Beer: Still good for what ‘ales’ you?

By John Murphy, MDLinx
Published March 19, 2019

Key Takeaways

As Homer Simpson famously said, “Here’s to alcohol: the cause of, and solution to, all of life’s problems.” Put another way, alcohol has both beneficial and toxic effects on health. The problem that researchers—and individuals like Homer—have had is finding the right balance between the two.

With the celebration of St. Patrick’s Day upon us, now’s a good time to take a closer look at what goes into our beer mug—and what we get out of it, both the pros and the cons.

PRO: Light drinking linked to lower risk of heart failure. In a meta-analysis of 13 prospective studies, which included a total of 355,804 participants, researchers found that light alcohol drinking (0.1 to 7 drinks per week) was associated with a lower risk of heart failure. Moderate (7.1 to 14 drinks per week), high (14.1 to 28 drinks per week), and heavy (> 28 drinks per week) drinking were not associated with heart failure risk. However, former drinking was associated with an increased risk of heart failure compared with never or occasional drinking.

CON:Drinking is linked to premature death. In a major meta-analysis of 83 prospective studies involving nearly 600,000 current drinkers in 19 countries, a panel of 120 researchers concluded that drinking more than 100 g of alcohol per week (about 5 to 6 pints of beer) was associated with premature mortality. As consumption increased, the risk of death from stroke, coronary disease, heart failure, fatal hypertensive disease, and fatal aortic aneurysm also increased.

Further, the researchers estimated that adult men who consume 196 g of alcohol per week (the upper limit recommended in US guidelines) could extend their life expectancy by 1 to 2 years if they halved their alcohol consumption to 100 g per week or below.

On the upside, drinking 100 g or less of alcohol per week was not linked to decreased mortality but was associated with a lower overall risk of cardiovascular diseases, including heart attack, coronary heart disease, and stroke.

PRO: Drinking reduces death from heart attack? Another positive result from the above meta-analysis: Moderate alcohol consumption was associated with a reduced risk of mortality from heart attack. While some studies, such as this one, have shown that further increasing alcohol intake doesn’t correspond with an upward trend in heart attack risk, other studies have shown that binge drinking and heavy drinking do increase heart attack risk.

CON:Heavy drinking is unhealthy. Besides increased risk for heart attack, heavy drinking is also linked to increased risk for stroke, liver disease, dementia, heart disease, and other serious conditions including weight gain.

PRO: Beer reduces the risk for diabetes. When compared with teetotaling, drinking up to two beers (about 24 g alcohol) per day has been associated with an average 30% lower relative risk for type 2 diabetes. The protective effect appears to be greater in women (40%) than in men (13%).

“The biological mechanism is uncertain,” the researchers wrote, “but there are several factors that may explain the relationship, including increases in insulin sensitivity after moderate alcohol consumption, changes in levels of alcohol metabolites, increases in high-density lipoprotein (HDL) cholesterol concentrations, or via the anti-inflammatory effect of alcohol.”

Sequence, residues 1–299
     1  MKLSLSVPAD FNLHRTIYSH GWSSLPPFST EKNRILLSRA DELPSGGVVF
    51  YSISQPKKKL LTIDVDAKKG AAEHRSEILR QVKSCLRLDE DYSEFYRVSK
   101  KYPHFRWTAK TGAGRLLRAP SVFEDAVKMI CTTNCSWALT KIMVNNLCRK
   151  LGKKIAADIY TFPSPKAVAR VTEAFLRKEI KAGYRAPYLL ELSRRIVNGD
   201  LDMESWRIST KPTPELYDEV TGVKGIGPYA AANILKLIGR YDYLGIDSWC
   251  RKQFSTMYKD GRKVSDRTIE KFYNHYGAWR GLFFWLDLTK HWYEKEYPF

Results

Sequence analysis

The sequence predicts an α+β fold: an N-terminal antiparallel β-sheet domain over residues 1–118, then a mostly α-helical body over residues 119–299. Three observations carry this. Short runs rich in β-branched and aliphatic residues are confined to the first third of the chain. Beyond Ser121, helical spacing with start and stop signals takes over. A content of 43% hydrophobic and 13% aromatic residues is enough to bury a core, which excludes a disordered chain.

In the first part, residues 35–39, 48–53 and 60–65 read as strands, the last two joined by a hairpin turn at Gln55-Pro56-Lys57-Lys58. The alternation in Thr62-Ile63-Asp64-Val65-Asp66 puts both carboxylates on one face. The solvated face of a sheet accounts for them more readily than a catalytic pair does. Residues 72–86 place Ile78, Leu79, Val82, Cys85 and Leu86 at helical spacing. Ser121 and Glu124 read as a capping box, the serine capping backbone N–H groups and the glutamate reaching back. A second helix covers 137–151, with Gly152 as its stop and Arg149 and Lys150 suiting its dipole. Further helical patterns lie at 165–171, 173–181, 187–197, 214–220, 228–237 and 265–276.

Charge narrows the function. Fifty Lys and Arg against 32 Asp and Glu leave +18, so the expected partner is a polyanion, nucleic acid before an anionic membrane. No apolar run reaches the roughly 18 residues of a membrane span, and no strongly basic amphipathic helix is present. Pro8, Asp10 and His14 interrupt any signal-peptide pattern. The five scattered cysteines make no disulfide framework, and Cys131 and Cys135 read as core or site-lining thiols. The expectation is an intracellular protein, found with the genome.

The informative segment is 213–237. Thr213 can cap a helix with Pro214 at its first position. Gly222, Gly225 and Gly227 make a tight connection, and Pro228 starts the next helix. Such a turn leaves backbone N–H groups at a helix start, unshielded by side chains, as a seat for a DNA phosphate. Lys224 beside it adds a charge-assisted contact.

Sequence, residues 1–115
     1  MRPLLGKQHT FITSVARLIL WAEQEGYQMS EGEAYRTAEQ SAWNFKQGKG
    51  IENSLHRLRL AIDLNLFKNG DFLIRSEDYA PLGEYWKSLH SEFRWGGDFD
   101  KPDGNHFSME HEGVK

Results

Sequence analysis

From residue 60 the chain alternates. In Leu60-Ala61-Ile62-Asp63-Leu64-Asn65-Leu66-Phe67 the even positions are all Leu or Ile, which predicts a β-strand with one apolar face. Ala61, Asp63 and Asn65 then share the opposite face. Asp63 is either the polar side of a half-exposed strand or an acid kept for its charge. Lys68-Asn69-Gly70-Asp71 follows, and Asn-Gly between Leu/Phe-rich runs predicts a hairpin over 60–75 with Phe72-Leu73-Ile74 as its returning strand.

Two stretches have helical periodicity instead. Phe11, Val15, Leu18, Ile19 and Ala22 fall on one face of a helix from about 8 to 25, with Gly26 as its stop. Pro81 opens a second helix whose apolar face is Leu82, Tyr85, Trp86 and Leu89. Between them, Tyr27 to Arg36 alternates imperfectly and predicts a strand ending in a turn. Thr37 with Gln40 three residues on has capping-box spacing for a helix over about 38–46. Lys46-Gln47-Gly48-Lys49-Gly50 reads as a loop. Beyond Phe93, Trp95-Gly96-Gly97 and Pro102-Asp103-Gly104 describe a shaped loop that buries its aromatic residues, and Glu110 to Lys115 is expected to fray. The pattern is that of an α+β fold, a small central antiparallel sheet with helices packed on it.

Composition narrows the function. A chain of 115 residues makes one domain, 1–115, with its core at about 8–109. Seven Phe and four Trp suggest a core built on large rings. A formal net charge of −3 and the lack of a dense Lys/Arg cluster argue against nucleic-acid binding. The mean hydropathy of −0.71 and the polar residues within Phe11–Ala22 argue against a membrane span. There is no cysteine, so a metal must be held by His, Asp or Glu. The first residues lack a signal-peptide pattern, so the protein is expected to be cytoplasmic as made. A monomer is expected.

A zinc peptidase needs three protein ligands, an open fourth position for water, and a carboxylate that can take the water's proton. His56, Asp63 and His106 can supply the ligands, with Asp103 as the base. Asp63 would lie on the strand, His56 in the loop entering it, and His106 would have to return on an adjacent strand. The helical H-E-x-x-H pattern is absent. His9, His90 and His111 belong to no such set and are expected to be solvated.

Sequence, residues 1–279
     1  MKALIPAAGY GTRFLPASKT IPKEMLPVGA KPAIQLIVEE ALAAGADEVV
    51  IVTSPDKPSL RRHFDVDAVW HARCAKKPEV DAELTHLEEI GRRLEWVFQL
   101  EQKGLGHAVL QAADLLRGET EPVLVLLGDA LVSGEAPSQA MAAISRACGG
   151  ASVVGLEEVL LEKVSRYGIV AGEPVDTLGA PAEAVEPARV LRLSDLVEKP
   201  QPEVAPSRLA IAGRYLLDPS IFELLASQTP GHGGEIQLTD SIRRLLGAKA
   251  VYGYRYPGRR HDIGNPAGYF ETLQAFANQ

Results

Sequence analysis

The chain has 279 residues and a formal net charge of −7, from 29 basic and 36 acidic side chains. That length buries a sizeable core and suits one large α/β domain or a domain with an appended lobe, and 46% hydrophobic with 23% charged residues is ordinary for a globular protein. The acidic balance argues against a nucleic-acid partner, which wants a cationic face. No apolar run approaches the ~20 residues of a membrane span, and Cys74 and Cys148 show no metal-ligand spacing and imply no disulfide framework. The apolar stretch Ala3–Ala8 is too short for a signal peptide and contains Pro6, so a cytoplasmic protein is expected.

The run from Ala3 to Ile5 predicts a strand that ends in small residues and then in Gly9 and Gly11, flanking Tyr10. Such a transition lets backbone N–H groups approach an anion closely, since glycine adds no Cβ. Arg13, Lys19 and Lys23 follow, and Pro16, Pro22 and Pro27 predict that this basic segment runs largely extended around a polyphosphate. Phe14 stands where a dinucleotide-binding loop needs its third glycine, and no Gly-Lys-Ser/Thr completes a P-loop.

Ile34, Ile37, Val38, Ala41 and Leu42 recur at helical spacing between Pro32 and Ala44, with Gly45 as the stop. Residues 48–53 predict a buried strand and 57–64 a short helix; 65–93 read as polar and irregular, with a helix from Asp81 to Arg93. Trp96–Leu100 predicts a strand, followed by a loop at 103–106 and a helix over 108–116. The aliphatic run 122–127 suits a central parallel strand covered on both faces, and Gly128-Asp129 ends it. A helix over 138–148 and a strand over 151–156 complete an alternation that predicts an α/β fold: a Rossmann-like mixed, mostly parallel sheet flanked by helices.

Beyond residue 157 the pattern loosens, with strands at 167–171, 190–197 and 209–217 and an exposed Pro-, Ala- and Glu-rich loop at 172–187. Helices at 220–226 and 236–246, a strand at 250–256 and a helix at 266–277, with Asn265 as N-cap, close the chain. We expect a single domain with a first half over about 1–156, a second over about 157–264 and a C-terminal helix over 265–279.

PRO: Beer buoys good cholesterol (in chubby men). In a recent 12-week prospective study of 36 overweight men, researchers reported that moderate beer drinking (30 g alcohol per day) of either regular or non-alcohol beer didn’t induce vascular endothelial dysfunction or stiffness, nor did it increase body weight.

“In contrast, moderate intake of beer was associated with favorable effects on HDL function increasing its capacity to protect against LDL oxidation and to enhance cholesterol efflux, which may prevent lipid deposition in the vessel wall,” the authors concluded. They acknowledged the short duration and small sample size in their study, but suggested that their research lays the groundwork for larger ones.

CON: Drinking beer causes cancer. There’s no uncertainty about it: Drinking alcohol of any type—beer, wine, or liquor—is a definite risk factor for several types of cancer, including breast, colon, esophageal, and head and neck cancers. According to the American Society of Clinical Oncology (ASCO), between 5% to 6% of new cancers and cancer deaths globally are directly attributable to alcohol.

“People typically don’t associate drinking beer, wine, and hard liquor with increasing their risk of developing cancer in their lifetimes,” said former ASCO President Bruce Johnson, MD. Indeed, 70% of Americans aren’t aware that drinking alcohol is a risk factor for cancer, according to ASCO’s National Cancer Opinion Survey.

PRO: Raise a glass, raise your spirits.Drinking beer makes you feel good. “To a greater degree than either abstainers or heavy drinkers, moderate drinkers have been found to experience a sense of psychological, physical, and social well-being; elevated mood; reduced stress (under some circumstances); reduced psychopathology, particularly depression; enhanced sociability and social participation; and higher incomes and less work absence or disability,” concluded mental health/addiction researchers.

They also concluded, in short, that drinking for pleasure in the convivial company of others is good for mental health and is linked to longer life, while drinking alone to drown one’s sorrows is mentally unhealthy and can increase mortality.

Share with emailShare to FacebookShare to LinkedInShare to Twitter